The granulation of solid sorbents is essential for its practical application to CO2 capture because fine powder causes a pressure drop in a packed bed and uncontrollable blockage in a fluidized bed. In this study, salt-promoted spherical MgO agglomerates with diameters of several hundred micrometers were synthesized via a water-in-oil method and alkali metal salts were simultaneously impregnated. The CO2 capture performance of the spherical MgO agglomerates was compared with that of MgO powder. At 240 min and 300 °C, the MgO agglomerates exhibited a sorption capacity of 45 wt%, whereas the MgO powder showed 65 wt%. To further improve the performance of the MgO agglomerates and analyze the mechanism of CO2 capture, an activation method and a kinetics model were developed. The CO2 activation enhanced the capacity of the MgO agglomerates due to the better dispersion and coating of molten salt over the MgO surface. Consequently, the working capacity became comparable to that of the MgO powder in the mild cyclic test condition. With wet mixture gas for sorption and CO2 regeneration, the MgO agglomerates showed stable working capacity of 23 wt%. The semi-empirical dispersive kinetic model with the characteristic parameters for induction time and accelerated conversion rate was developed for CO2 uptake with respect to induction time, which could describe highly asymmetric sigmoidal-shaped uptake curves. Also, CO2 capture efficiency and energy consumption for the regeneration were investigated. When the ratio of the recycled sorbent flow rate to CO2 flow was 2.5 and the sorbent make-up ratio was 0.027, the regeneration energy of 141 kJ per 1 mol of captured CO2 was required for 0.95 of CO2 capture efficiency under mild cyclic test conditions.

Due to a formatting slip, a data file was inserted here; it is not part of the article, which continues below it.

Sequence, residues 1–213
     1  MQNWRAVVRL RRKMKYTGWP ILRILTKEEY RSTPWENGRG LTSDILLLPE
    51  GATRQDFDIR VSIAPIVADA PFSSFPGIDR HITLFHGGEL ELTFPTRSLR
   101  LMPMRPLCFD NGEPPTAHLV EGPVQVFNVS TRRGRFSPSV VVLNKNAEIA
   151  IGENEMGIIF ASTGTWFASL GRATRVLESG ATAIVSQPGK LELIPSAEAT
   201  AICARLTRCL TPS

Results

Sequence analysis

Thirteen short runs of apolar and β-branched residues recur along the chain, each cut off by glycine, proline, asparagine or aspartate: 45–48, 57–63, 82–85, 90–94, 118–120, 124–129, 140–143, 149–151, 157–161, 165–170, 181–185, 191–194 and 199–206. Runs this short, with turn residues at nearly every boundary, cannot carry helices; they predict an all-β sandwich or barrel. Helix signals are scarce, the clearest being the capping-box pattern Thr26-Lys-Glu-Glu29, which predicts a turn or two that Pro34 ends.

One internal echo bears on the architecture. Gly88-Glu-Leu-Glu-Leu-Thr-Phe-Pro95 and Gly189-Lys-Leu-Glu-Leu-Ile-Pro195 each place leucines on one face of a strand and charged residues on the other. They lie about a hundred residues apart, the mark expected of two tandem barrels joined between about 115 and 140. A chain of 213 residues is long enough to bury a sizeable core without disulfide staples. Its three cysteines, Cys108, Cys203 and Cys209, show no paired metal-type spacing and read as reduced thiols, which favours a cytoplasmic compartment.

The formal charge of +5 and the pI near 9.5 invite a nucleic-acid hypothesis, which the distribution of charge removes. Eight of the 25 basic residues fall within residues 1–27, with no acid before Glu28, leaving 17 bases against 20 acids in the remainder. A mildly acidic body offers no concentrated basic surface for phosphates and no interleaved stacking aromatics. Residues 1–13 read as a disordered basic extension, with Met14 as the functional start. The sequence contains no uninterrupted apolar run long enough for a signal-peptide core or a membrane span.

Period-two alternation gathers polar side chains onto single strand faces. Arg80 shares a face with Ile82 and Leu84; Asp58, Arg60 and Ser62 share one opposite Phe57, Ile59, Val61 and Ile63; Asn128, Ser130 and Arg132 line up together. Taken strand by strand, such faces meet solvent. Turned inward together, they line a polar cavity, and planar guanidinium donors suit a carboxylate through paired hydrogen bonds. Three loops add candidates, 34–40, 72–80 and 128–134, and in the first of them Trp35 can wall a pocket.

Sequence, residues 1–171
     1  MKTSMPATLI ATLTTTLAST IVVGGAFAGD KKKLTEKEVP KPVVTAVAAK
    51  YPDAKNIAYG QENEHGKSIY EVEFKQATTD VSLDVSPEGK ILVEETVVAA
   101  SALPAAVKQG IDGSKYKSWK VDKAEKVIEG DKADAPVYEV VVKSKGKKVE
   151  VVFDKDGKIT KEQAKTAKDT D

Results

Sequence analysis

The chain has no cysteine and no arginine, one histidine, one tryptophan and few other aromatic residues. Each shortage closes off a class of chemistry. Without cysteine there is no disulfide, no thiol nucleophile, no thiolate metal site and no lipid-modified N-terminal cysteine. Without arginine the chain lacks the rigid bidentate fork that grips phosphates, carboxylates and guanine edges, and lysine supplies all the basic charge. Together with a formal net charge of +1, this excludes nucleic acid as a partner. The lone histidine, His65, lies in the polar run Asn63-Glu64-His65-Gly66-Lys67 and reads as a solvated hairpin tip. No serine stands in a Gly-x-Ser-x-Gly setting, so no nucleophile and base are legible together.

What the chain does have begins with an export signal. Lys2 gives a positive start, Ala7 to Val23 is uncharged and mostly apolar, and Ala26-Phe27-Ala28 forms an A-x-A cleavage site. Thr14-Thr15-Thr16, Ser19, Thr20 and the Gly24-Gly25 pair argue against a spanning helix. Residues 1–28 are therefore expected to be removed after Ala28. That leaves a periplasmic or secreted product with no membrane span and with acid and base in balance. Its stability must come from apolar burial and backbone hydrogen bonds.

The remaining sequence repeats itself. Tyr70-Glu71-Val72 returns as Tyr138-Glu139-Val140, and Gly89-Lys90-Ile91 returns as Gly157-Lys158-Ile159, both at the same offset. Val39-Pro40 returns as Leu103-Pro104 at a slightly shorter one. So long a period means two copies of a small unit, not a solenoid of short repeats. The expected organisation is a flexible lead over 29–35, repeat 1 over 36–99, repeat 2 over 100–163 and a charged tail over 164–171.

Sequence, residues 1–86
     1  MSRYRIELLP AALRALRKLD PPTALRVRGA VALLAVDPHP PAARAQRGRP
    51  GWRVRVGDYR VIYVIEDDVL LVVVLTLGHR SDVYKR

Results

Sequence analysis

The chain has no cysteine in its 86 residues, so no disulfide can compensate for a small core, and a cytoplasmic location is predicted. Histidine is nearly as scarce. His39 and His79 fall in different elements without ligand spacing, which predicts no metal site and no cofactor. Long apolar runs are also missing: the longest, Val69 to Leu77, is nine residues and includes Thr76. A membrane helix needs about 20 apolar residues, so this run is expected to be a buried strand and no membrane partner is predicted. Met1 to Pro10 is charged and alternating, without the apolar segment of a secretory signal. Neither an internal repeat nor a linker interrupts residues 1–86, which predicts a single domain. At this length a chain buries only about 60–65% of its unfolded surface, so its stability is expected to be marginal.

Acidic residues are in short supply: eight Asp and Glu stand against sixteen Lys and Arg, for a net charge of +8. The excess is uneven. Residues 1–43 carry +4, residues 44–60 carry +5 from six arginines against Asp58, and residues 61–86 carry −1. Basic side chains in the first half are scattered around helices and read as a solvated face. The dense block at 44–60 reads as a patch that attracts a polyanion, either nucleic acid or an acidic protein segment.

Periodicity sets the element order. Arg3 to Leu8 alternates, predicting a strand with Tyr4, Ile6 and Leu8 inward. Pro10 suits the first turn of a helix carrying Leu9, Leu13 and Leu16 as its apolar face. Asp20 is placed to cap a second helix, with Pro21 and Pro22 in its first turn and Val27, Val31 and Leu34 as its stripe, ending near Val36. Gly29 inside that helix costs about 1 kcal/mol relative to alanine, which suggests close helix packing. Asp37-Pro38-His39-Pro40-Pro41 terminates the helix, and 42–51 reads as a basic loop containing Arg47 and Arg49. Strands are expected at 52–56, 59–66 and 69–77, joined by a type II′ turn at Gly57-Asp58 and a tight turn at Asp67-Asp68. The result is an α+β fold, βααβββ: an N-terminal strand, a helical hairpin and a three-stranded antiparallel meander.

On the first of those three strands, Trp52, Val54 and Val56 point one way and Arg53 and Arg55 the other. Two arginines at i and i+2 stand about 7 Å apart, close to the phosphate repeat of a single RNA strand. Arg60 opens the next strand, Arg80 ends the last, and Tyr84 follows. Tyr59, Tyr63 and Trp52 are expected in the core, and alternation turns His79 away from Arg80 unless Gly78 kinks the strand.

All Science Journal Classification (ASJC) codes
- Environmental Chemistry
- Chemical Engineering(all)
- Industrial and Manufacturing Engineering